A second factor that could affect the future of unions is the quite positive public opinion environment in which workers seek to operate. Dr. George Gallup began asking Americans if they approved or disapproved of labor unions back in 1936, making this one of the oldest trend questions in Gallup history (or the history of any polling organization). In 1936, 72% of Americans said they approved. Today, as summarized by my colleague Megan Brenan last September, 68% approve, not much different from that first reading more than 80 years ago. Approval of unions has waxed and waned over the years, but the current two-thirds approval is just a few points lower than the all-time high of 75% recorded in 1953 and 1957.
Underscoring these attitudes, Pew Research recently found that the majority of Americans believe the decline in the share of workers represented by unions has been bad, rather than good, for the country.
Gallup also tracks Americans' preference for the future influence of labor unions. In 2018, the last time this question was asked, 39% of Americans wanted unions to have more influence, 26% the same influence and 29% less influence. One way of looking at these results is to say that 65% of Americans (quite similar to the percentage approving of labor unions) want unions to have the same or more influence than they do today.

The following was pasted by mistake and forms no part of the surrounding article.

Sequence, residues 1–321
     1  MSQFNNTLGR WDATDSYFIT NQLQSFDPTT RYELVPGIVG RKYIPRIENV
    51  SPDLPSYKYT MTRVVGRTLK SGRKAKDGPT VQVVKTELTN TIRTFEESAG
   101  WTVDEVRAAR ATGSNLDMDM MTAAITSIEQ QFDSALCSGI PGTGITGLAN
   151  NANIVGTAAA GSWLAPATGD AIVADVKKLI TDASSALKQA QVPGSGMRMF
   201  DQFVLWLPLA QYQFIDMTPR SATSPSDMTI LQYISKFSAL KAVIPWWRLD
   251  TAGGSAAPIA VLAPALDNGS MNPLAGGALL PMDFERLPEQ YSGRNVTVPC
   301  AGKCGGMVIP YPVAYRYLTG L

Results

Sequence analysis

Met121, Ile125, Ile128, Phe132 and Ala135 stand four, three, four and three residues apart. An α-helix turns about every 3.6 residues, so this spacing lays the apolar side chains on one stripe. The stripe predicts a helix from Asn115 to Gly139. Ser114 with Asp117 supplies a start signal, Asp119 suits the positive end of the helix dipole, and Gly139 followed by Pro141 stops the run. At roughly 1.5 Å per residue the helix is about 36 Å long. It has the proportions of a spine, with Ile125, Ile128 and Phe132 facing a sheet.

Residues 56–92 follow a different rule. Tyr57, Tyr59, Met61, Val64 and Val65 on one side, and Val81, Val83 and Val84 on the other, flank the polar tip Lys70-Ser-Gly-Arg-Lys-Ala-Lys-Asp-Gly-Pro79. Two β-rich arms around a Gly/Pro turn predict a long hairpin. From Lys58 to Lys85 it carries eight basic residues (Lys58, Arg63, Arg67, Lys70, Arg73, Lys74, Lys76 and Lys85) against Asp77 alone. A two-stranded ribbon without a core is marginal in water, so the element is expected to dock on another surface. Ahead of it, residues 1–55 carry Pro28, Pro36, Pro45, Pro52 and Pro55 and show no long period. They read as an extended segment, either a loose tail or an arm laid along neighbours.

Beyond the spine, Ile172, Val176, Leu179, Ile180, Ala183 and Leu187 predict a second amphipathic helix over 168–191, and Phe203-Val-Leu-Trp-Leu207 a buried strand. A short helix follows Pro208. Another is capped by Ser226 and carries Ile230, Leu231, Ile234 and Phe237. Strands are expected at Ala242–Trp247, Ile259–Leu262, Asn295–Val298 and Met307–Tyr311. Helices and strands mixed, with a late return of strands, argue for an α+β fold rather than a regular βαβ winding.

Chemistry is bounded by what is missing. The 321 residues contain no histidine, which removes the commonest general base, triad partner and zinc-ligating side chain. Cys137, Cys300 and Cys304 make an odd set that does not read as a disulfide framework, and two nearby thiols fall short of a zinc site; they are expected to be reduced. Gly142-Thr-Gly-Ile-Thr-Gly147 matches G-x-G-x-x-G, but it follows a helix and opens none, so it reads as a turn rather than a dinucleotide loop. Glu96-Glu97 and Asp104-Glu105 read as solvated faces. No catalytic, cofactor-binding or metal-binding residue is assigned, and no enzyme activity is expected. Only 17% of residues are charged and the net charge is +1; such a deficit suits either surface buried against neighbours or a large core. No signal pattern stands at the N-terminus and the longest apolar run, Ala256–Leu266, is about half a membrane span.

We find a somewhat different result when Americans are asked about "organized labor." Just 28% of Americans have a great deal or quite a lot of confidence in organized labor, 12th on a list of 17 societal institutions tested last year. Another 46% have "some" confidence in organized labor. Thus, while the total (great deal + quite a lot + some) is similar to the overall approval rating for labor unions, the relatively small percentage who have a great deal or quite a lot of confidence implies that views of unions are not intensely positive.
Gallup data show that only 14% of full-time workers and 10% of part-time workers who approve of labor unions are actually themselves members of unions. Obviously, there is a huge upside potential for unionization; a survey conducted by MIT professors in 2017 asked nonunion workers, "If an election were held today to decide whether employees like you should be represented by a union, would you vote for the union or against the union?" and found that 48% said yes. (I'm not aware of any more recent studies that have asked this question).
Views of Unions Are Highly Partisan
Attitudes toward unions are highly partisan, not surprising given that so many attitudes today in the U.S. are correlated, often powerfully so, with underlying partisanship. As Megan Brenan noted in her analysis last September, 90% of Democrats approve of unions, compared with 66% of independents and 47% of Republicans. The trend line on partisan approval of unions has changed over the years, but the basic gap has been there going back to Gallup surveys in the 1950s. This reflects the historical fact that unions have long been a core part of the Democratic political base. President Joe Biden, for example, said last September, "I intend to be the most pro-union president leading the most pro-union administration in American history." More recently, Biden expressed support for Amazon workers attempting to unionize.